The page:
Monday, April 18, 2011

Coming (Back) Soon: Stempkowski's Own Restaurant

About three and a half years ago, local chef Robert Stempkowski opened his own restaurant after a good number of years working in Phoenix's finest kitchens. It was called Urban Campfire, and it was terrific. I yammered very enthusiastically about it to almost everyone I knew. It was a casual restaurant near ASU. Stempkowski cooked barbecue and smoked meats with a master's touch. Along with the great dishes came little fine dining touches with down-home flair, such as a deviled egg amuse-bouche, and Otter Pop mignardises. Then, he and the guy with the money behind the operation had a falling out; Stempkowski was gone. Without its driving force, the kitchen fell hard. The smoke in the meat disappeared, the meats were tougher, the macaroni and cheese's sauce broke... everything that came out of the kitchen showed they just didn't care anymore. Shortly after, the Campfire went out. Stempkowski stayed in the industry, this time working in the front of the house at notable local restaurants like noca and Rokerij.

Then today, I woke to an email from none other than Robert Stempkowski. It turns out he's getting set to open his own place again. The idea is going to be pretty similar, with a number of dishes from Urban Campfire making their return. There's also going to be some new things including smoked meats to-go and homemade sausage, a summertime snow cone bar (Is it too much to hope a liquor license will be involved?), and some Polish smokehaus-style comfort cuisine. Best of all, this time he's running the show all by himself.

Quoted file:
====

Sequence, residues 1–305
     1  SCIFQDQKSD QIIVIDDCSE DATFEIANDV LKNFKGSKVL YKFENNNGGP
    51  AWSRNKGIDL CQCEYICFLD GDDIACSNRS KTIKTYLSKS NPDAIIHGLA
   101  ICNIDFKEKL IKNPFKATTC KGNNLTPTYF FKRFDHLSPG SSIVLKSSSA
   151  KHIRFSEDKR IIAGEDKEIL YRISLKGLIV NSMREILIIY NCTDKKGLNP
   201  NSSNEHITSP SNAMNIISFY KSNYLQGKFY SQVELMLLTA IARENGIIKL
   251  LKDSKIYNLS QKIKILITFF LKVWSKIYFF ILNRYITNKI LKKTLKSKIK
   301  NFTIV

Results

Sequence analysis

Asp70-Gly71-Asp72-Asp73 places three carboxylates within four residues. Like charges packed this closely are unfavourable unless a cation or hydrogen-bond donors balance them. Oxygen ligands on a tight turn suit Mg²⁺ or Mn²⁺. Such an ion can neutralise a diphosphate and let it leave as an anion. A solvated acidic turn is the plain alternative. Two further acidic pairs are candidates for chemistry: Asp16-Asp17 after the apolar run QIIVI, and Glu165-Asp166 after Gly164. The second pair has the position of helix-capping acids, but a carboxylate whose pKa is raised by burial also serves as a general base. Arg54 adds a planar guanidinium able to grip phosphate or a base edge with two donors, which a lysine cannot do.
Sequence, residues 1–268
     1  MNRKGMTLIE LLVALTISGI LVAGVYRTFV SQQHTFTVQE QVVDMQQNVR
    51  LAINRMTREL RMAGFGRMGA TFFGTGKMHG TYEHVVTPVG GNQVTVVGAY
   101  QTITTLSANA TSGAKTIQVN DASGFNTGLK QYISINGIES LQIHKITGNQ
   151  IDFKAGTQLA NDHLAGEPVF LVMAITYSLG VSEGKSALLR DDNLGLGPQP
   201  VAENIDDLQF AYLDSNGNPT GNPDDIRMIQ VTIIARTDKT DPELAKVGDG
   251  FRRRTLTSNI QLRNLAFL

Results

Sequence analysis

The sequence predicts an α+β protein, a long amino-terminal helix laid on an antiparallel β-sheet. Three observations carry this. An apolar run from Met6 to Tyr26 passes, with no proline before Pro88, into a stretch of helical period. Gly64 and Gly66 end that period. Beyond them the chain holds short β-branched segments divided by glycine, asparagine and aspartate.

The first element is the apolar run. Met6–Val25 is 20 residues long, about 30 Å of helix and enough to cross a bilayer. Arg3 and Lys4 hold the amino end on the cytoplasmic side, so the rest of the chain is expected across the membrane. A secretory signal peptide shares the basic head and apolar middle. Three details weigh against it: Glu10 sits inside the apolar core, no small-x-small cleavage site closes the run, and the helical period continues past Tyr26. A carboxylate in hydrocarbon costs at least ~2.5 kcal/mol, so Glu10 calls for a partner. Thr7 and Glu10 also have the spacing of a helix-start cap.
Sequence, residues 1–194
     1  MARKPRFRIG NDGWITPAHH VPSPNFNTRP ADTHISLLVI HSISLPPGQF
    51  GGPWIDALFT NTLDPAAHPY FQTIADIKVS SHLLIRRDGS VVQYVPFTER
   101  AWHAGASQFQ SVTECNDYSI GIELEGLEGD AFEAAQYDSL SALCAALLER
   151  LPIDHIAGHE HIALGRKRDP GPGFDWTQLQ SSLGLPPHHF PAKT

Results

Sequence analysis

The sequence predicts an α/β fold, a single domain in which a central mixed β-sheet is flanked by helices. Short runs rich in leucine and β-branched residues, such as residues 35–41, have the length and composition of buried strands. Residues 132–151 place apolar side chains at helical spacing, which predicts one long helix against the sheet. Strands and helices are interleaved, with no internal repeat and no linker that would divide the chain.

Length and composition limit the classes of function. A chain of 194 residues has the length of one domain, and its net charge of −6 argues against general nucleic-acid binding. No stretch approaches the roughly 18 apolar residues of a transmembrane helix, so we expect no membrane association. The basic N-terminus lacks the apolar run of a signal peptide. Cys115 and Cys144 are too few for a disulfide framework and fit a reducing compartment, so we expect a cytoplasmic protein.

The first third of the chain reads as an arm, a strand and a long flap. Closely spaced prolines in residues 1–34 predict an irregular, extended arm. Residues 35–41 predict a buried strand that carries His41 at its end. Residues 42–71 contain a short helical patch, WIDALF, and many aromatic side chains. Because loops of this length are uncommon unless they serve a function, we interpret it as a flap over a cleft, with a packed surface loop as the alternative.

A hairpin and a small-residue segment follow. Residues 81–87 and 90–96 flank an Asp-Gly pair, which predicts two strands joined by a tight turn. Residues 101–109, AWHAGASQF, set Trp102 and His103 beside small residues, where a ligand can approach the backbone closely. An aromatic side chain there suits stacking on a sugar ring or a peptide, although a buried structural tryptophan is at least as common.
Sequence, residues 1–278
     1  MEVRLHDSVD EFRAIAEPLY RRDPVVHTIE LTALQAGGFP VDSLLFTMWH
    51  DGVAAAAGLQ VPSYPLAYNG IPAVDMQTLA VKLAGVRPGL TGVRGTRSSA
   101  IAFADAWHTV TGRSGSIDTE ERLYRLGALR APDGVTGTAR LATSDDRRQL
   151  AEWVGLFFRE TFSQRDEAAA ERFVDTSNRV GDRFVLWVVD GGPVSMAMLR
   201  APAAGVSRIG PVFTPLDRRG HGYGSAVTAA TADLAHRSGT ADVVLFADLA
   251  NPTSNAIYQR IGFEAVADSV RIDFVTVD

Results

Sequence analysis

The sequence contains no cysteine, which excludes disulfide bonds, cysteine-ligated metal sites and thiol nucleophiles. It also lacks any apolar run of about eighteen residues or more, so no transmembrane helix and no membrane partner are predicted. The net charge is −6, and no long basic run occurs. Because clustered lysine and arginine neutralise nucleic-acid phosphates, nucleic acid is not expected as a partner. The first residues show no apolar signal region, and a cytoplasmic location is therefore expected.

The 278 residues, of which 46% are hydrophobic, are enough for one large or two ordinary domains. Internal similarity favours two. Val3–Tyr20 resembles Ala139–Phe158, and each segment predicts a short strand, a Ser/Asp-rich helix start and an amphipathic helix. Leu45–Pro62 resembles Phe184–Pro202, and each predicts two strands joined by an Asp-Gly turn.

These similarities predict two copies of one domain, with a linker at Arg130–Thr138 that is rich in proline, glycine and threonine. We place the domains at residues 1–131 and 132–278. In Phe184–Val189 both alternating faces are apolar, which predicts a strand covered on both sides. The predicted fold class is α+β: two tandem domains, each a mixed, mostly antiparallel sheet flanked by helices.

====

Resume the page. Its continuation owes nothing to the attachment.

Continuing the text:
Ya think I'm a little excited about all this? Oh, hell yes. Look for the new place to open in central Phoenix some time in May. And of course, look here for more details as Robert lets me know.

Monday, April 11, 2011

Event: Grow Your Own Mushrooms!

One of the interesting things about running a food blog is that you get emails from all kinds of people hawking all kinds of different events. For the most part, they aren't all that exciting (a couple of chain restaurants suggesting they're the perfect place for everything from Easter brunch to Valentine's Day), or don't have much to do with food to begin with (TV shows with a restaurant as a main setting). But every now and then, something genuinely interesting and cool comes along, and you want to tell lots of people about it. It's been a while, but this is one of those times.

On the 26th of April at 6:30 pm at SkySong (the ASU facility anchored by the Cirque du Soleil big top looking thing on Scottsdale and McDowell), the nice folks at Maker Bench will present a class about growing your own culinary mushrooms. They will show you how to culture and grow oyster mushrooms right in your kitchen. Even if you don't have a green thumb, . Once you have the hang of it with oyster mushrooms, you can grow whatever other fungi your heart desires... Shiitakes, morels, the list goes on. Even better, attending the event is FREE. They're even nice enough to provide dinner! They have kits available for sale with everything you need; they're $99 if you register by the 19th, and $129 after that.